expertise run the company for the benefit of the
Yesterday the committee visited several businesses in Newlands,
the Avenues among others to check if bakeries, wholesalers and
implemented the new prices.
The MPs said that price
controls should also be extended to other products
such as timber, steel and
A survey indicated that most of the shops were still
charging old prices for
selected goods and commodities that were now
controlled by the Government.
At Newlands bread was selling at $65, at
Fife Avenue bread was between
$52,80 and $88 per loaf while other supermarket
owners said the Government
had not communicated with them.
Bakery along Simon Mazorodze Road, the production manager, Mr
Jonathan, said they had reduced production pending the outcome of
discussions with the Government.
Bakers Inn had reduced its bread to $44
for a standard loaf
Adverse media coverage scares away investors
FOREIGN direct investment into Zimbabwe has been seriously dented by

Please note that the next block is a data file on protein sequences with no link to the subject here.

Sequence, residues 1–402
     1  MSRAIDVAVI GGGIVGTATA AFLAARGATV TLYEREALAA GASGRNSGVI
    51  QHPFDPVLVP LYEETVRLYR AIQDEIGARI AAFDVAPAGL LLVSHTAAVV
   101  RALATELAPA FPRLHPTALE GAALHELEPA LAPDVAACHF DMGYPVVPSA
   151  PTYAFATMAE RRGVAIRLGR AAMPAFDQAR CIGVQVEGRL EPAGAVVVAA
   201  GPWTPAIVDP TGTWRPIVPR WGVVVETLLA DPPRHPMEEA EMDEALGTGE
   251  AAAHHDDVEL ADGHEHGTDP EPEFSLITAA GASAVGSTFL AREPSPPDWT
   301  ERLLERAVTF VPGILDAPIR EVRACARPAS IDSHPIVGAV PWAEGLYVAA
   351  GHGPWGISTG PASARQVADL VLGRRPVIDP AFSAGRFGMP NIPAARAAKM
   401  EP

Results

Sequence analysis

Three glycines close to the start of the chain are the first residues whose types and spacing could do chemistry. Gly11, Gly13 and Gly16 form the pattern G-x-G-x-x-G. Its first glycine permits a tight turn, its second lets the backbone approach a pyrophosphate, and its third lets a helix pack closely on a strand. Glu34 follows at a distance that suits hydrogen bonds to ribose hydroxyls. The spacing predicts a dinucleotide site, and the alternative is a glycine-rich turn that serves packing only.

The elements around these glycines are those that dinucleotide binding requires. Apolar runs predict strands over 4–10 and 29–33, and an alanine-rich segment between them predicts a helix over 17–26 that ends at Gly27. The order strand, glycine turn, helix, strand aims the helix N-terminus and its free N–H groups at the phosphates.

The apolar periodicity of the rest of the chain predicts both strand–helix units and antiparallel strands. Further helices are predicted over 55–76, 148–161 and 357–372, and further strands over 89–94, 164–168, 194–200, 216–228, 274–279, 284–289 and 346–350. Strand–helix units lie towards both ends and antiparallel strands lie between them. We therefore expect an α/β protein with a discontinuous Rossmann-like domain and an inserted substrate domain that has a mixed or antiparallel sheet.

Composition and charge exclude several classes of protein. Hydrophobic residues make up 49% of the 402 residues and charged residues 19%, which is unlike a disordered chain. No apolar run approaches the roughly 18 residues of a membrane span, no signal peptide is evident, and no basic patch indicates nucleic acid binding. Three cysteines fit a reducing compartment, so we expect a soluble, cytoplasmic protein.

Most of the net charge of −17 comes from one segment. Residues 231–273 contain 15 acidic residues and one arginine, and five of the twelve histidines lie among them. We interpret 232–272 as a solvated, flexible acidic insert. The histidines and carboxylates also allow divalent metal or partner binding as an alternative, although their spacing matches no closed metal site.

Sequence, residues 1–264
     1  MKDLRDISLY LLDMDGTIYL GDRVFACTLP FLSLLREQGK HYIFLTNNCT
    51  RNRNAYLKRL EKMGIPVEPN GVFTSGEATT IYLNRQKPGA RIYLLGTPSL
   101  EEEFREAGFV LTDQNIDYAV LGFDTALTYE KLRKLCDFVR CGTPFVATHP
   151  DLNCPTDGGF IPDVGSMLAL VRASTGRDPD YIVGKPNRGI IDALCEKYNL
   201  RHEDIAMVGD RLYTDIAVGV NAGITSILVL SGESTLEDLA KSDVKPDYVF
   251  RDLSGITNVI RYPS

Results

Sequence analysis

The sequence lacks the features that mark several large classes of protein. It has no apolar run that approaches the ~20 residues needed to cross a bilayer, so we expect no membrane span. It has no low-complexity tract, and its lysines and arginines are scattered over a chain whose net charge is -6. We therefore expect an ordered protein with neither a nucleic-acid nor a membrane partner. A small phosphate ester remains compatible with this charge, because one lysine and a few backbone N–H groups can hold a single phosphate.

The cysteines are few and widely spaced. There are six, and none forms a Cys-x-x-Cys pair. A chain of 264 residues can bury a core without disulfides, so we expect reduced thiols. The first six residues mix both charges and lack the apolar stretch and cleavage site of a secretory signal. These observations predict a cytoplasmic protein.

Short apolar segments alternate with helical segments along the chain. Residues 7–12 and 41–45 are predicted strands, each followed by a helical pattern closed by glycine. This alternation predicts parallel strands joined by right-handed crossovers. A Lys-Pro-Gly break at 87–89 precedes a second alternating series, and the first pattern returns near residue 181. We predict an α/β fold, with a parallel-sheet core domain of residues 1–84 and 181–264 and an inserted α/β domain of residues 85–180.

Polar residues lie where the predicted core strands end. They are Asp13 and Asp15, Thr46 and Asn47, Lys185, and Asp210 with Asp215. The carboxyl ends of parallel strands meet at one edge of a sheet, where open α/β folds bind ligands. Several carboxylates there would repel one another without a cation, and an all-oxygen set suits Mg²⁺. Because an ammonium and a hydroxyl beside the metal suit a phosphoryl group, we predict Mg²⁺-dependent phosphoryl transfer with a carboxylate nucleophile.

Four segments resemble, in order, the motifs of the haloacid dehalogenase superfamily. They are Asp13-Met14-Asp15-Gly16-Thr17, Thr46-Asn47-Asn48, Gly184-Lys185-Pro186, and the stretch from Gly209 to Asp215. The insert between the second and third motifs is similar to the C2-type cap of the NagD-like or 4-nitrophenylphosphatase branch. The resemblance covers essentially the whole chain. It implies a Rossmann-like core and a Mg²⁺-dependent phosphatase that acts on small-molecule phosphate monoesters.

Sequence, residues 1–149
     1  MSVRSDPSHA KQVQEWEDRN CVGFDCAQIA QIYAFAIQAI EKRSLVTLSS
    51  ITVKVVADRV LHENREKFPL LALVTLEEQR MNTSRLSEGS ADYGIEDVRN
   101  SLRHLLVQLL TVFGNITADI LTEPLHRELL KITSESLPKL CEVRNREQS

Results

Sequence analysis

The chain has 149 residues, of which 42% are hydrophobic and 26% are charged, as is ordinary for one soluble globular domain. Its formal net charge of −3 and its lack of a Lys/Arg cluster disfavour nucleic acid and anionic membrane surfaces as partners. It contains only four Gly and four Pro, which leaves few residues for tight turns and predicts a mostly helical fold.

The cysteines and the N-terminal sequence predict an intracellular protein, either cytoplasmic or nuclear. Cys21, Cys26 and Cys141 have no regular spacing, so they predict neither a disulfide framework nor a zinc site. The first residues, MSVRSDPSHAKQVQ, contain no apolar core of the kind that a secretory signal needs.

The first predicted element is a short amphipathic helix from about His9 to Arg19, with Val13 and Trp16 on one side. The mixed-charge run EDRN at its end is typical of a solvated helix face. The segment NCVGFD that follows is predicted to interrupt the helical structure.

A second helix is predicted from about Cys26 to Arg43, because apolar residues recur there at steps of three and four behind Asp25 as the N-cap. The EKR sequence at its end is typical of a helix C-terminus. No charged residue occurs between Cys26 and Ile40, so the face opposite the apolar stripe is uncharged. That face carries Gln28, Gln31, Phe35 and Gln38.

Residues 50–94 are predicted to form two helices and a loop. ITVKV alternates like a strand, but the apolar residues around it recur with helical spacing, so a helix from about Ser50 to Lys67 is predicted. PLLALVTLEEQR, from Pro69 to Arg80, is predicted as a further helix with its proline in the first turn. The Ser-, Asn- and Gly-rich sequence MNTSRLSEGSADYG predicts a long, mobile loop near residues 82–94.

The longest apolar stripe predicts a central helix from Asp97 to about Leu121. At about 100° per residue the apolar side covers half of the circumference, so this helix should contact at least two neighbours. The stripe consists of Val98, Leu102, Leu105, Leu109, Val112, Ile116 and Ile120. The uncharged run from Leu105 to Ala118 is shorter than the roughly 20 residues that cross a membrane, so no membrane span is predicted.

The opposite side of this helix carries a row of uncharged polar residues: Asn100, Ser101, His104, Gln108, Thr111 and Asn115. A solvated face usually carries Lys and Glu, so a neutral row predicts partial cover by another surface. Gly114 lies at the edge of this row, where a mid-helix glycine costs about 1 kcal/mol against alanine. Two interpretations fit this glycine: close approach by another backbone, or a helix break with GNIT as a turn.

continual international media beaming to the outside world of perceptions
political violence and lack of rule of law in the country, a visiting
States trade expert has said.
The president of a US
international business development and strategic
marketing company, the
Hanover Group, Mr Dwayne Gathers, said the portrayal
of Zimbabwe as an unsafe
investment destination was scaring away investors.
He urged Zimbabwe’s
diplomatic missions abroad to play a key role in
shooting down perceptions
created by the international media reports.
"The news that we get out of
Zimbabwe suggests that there is insecurity. In
the US business people pick
perceptions of instability, lack of
opportunities, human rights abuses and
lack of law and order from the
media," he said in an interview with Business
The trade expert said although Zimbabwe’s macro-economic
no longer as positive as they were in the mid-1990s, the
country still had
the opportunity to move forward.
people, he said, looked for investment environments where
effective labour and judicial systems.
He said Zimbabwe must look beyond
the trade opportunities created by the US